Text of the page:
Alleged Contradictions in the Qur'an answer
Abraham committed this sin of polytheism as he takes moon, sun, stars to be his Lord [6:76-78], yet Muslims believe that all prophets are without any sin.
Verses in question:
6:76-78. When the night covered him over with darkness he saw a star. He said: "This is my lord." But when it set, he said: "I like not those that set."
When he saw the moon rising up, he said: "This is my lord." But when it set, he said: "Unless my Lord guides me, I shall surely be among the erring people."
When he saw the sun rising up, he said: "This is my lord. This is greater." But when it set, he said: "O my people! I am indeed free from all that you join as partners in worship with Allâh.
1. The general interpretation of the above verses is that this was an act done by Prophet Abraham to lead others to Islam. He had travelled to a land where people worshipped celestial bodies, and through this play, he demonstrated to them that only Allah is worthy of worship. He did not actually believe that these objects were His lord, but he wad pretending in order to drive home a point to his people in a special way. As Ibn Kathir Ad-Damishqi (d. 1372CE) writes in his renowned Tafsir Al-Qur'an Al-Azim:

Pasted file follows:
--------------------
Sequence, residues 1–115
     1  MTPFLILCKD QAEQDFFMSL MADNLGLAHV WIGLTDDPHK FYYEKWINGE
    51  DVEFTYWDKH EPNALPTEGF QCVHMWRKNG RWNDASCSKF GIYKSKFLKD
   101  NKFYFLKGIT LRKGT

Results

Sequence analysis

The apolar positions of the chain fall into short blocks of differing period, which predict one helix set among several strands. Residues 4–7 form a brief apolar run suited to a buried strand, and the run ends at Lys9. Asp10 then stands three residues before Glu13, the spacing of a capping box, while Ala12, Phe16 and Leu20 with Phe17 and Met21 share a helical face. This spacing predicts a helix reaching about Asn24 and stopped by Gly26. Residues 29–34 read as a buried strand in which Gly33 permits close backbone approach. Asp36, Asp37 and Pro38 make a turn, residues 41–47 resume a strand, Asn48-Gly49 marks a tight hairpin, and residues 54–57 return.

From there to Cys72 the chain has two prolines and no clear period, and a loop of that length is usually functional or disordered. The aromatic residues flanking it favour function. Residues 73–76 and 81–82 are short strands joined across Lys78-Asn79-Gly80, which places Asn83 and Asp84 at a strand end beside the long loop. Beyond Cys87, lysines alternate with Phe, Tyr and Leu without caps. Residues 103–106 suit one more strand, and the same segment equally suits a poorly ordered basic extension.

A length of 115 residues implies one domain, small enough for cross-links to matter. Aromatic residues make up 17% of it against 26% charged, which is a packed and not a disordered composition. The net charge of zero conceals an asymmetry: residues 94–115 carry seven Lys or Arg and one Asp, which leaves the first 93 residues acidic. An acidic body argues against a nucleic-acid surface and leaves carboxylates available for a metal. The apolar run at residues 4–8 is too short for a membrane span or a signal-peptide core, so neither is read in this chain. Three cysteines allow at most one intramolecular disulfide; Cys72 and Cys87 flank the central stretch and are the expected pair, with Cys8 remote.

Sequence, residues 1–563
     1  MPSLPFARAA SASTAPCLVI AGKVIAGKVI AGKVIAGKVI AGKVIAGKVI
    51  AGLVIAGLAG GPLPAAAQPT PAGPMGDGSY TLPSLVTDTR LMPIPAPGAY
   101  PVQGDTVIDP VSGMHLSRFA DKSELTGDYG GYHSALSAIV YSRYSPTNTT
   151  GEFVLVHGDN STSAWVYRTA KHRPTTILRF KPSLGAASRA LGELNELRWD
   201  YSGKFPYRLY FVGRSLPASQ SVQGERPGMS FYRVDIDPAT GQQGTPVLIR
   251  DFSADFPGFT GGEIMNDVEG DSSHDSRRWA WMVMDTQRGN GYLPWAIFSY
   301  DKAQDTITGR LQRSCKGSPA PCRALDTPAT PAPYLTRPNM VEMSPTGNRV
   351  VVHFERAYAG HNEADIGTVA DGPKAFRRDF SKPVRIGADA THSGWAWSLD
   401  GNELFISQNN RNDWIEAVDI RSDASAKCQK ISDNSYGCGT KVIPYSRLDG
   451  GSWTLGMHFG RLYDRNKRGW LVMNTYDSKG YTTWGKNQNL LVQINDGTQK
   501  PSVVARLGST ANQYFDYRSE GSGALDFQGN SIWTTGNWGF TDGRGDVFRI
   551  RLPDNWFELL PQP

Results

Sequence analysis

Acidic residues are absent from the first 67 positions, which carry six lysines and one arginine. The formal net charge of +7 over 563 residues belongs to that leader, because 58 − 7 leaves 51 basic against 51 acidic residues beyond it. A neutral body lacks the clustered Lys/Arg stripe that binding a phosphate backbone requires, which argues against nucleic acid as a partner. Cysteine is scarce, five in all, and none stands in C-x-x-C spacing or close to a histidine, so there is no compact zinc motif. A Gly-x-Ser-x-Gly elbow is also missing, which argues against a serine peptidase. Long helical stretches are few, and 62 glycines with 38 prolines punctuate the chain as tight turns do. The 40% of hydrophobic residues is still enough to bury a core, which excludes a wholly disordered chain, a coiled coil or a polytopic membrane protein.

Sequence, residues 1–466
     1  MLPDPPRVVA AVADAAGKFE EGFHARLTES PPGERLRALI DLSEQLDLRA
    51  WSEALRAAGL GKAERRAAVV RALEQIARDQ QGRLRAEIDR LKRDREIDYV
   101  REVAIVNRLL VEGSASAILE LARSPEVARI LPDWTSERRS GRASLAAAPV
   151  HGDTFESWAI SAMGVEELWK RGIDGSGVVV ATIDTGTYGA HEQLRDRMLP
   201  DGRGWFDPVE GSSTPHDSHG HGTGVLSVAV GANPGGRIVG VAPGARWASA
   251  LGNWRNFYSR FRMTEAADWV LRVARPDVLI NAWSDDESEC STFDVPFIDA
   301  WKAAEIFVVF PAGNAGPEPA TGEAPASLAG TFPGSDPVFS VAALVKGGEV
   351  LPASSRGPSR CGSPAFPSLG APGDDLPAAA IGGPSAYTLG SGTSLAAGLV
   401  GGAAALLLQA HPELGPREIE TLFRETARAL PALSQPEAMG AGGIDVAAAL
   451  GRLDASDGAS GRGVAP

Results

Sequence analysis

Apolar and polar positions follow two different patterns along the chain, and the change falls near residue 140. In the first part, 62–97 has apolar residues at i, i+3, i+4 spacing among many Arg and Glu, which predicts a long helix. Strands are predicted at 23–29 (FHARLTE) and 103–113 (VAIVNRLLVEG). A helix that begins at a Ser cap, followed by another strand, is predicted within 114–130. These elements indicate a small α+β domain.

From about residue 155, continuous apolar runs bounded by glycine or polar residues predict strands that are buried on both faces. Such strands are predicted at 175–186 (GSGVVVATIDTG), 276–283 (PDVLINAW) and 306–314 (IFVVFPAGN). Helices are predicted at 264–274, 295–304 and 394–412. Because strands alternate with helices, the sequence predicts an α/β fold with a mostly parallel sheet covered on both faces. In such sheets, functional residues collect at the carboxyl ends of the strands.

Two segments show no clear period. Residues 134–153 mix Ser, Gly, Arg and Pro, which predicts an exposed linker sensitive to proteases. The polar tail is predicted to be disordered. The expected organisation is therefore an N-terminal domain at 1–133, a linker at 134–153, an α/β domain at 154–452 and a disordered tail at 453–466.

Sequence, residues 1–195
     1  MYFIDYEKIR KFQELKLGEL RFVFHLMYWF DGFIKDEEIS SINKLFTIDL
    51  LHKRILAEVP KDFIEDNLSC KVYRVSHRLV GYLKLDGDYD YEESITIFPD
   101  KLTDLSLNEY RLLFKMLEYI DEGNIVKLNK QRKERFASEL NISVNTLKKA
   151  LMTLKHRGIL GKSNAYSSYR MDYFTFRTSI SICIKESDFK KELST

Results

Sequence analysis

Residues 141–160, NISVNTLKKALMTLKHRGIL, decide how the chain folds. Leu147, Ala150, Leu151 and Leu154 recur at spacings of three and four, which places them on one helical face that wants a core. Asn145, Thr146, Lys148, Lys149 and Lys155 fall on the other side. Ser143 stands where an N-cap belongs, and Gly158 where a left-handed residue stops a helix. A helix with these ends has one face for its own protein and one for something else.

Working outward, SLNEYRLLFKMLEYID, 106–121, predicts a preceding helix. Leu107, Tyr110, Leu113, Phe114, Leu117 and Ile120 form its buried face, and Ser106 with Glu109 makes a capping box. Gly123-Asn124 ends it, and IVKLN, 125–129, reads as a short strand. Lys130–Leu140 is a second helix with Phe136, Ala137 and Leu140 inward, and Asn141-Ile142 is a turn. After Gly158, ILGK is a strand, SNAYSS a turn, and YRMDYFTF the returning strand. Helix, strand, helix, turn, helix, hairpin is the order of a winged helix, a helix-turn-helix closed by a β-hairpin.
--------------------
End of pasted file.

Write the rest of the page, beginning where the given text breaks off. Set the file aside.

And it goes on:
We should note here that, in these Ayat, Abraham, peace be upon him, was debating with his people, explaining to them the error of their way in worshipping idols and images....When he proved that these three objects were not gods, although they are the brightest objects the eyes can see, he said: "O my people! I am indeed free from all that you join as partners in worship with Allah.'' meaning, I am free from worshipping these objects and from taking them as protectors. Therefore, if they are indeed gods as you claim, then all of you bring your plot against me and do not give me respite.(Tafsir Ibn Kathir, Abridged, Darussalam Publishers & Distributors, 2000, vol. 3, pp. 389-390)
2. Even if we suppose that Abraham was not pretending, this still would not prove the claim. This event occured before Abraham became a Prophet, and furthermore, there is no evidence that he was worshipping the celestial bodies, but only pondering on what is truly divine.
3. While we are on the subject, we shall comment on the Islamic view on Prophets. Prophets are human beings who are selected to recieve revelation from Allah and guide people to the straught path. They are the best of humanity, so that their followers may take them as role models. Nevertheless, they are human, and thus, they are sometimes subject to a temporary lapse in judgement or minor mistakes. But they are believed to be free of sins, or infallible, especially after recieving revelation from Allah.
Shaykh-ul-Islam Ibn Taymiyah (d. 1328 CE) said:
The view that the Prophets are infallible and protected against committing major sins, as opposed to minor mistakes, is the view of the majority of Muslim scholars and of all groups. It is also the view of the scholars of tafseer and hadeeth and fuqaha’. Indeed, nothing has been narrated from any of the salaf, imams, Sahaabah, Taabi’een and those who followed them except that which is in accordance with this view. (Majmoo’ al-Fataawa, 4/319)